Vladimir Nabokov

NABOKV-L post 0002499, Fri, 24 Oct 1997 13:00:15 -0700

Re: nature and fusion in Pnin and Speak, Memory (fwd)
For starters, howzabout Van Veen's characterization of the artist as
"underground observatory" in Ada? Part of the repartee during a card
game as I recall.

Also take a good look at "Signs and Symbols" in Nabokov's Dozen and the
mental breakdown scene towards the end of "The Defense." But in those
cases it's less of a merging with the landscape, than a delusional fear
of one's surroundings.

"Cloud, Castle, Lake" in the aforementioned collection might also be
worth a look.
The healthy minds in VN seem to feel a kinship short of fusion with
nature: John Shade's "picture book from an early age/Was the painted
parchment papering our cage...Was I free?/How fully I felt nature glued
to me!"
Though there is a comic fusion in "Pale Fire" when Shade's fits come over
him...He feels space and time merging with his body..."Slaves make hay
between my mouth and nose...All tomorrows in my funnybone."
These quotes are from memory and may be inaccurate.

Donald Barton Johnson wrote:
> From: Kamni Gill <kamni@dolphin.upenn.edu>
> In Pnin, American children are described as healthy, tall, indolent and
> difficult with no Russian and no sense of nature. What is the narrator's
> sense of nature?
> Following this description is a scene in which Pnin feels porous and
> pregnable and dissolves into the immediate landscape and another of
> memory. It is an "awful feeling of sinking and melting into ones physical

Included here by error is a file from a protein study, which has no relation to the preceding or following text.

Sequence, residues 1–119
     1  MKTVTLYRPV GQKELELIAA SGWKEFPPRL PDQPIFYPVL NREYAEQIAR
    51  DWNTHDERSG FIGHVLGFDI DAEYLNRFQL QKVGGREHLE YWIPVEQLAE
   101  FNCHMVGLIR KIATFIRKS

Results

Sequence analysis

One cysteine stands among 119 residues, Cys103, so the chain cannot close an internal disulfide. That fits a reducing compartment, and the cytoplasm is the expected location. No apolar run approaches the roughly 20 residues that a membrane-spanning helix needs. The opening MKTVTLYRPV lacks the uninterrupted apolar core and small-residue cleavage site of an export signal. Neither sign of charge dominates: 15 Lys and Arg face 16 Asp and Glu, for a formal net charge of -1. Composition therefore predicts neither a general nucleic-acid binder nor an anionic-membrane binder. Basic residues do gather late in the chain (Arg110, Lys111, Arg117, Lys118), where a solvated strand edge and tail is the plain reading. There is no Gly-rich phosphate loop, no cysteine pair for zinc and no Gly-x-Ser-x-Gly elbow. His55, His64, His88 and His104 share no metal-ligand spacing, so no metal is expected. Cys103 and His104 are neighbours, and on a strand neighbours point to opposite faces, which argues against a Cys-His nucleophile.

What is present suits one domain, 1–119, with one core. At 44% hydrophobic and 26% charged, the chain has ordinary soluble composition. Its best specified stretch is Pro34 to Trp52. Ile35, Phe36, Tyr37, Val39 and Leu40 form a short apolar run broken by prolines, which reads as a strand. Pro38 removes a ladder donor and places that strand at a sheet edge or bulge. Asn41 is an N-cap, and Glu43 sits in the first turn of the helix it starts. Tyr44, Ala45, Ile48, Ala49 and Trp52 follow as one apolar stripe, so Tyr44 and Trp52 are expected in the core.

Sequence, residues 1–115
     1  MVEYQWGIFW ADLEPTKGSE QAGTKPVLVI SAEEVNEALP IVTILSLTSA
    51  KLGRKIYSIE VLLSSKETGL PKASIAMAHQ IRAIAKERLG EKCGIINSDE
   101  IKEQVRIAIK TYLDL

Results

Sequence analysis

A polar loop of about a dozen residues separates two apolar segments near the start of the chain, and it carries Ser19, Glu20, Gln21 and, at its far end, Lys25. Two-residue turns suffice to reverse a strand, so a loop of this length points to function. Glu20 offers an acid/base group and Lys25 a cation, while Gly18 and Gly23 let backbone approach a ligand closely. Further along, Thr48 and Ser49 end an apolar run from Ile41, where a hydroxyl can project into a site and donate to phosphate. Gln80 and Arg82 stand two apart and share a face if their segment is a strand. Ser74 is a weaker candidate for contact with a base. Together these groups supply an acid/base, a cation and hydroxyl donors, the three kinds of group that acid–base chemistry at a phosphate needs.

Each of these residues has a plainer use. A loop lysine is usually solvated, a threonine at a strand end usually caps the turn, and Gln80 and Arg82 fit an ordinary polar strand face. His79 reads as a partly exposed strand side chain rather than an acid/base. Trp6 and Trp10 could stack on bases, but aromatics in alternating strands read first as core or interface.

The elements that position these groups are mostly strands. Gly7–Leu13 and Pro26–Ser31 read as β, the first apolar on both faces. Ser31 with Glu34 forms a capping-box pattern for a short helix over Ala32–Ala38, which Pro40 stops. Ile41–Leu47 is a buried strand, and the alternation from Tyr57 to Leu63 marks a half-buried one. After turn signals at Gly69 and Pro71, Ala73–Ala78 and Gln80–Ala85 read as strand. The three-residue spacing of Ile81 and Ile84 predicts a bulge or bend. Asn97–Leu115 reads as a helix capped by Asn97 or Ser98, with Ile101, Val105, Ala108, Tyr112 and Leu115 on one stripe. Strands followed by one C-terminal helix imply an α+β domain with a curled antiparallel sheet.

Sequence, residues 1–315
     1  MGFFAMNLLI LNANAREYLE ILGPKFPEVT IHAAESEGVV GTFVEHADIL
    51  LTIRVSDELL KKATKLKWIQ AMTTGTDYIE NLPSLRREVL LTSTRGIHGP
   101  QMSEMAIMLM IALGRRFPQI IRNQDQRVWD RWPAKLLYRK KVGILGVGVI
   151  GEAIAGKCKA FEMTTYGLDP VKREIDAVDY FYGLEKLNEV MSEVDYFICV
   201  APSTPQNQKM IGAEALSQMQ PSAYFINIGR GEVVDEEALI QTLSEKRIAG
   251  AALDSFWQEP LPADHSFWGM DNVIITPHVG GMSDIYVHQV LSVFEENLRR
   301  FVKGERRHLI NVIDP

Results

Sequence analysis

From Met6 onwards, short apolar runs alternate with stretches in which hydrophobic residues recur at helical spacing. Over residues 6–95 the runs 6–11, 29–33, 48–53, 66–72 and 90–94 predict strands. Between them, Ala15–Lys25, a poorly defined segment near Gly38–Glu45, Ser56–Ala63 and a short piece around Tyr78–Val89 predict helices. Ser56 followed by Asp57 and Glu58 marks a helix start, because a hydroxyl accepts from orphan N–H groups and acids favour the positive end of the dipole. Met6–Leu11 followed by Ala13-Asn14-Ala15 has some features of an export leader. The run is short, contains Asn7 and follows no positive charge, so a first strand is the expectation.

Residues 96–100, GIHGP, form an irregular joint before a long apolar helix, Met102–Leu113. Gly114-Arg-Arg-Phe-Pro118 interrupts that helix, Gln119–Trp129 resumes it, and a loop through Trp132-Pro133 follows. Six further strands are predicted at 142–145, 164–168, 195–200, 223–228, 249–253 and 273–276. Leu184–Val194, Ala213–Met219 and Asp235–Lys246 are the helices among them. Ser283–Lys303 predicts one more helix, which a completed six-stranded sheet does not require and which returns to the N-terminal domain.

> sruroundings." A similar scene-they are descriptions of Pnin's cardiac
> condition- occurs at the beginning of the novel.
> In Speak, Memory the physical description of a fusion with a natural
> elements is used to describe extreme happiness and wonder in at least two
> places- when Nabokov describes the highest enjoyment of timelessness-
> in a landscape selected at random among rare butterflies and their food
> plants and when a drop of water is observed falling from the a leaf:
> "Tip, leaf, dip relief--the instant it all took to happen seemed to me not
> so much a fraction of time as a fissure in it, a missed heartbeat, whcih
> was refunded at once by a patter of rhymes: I say "patter"
> intentionally, for when a gust of wind did come , the trees would briskly
> start to drip all together in as crude an imitation of the the recent
> downpour as the stanza I was already muttering resembled the shock of
> wonder I had experienced when for a moment heart and leaf had been one."
> Are there descriptions of this kind of melting, fusion with a
> natural landscape, or in other Nabokov works? I would like to think
> more carefully about these passages and others like them.
> Thank You
> Kamni Gill

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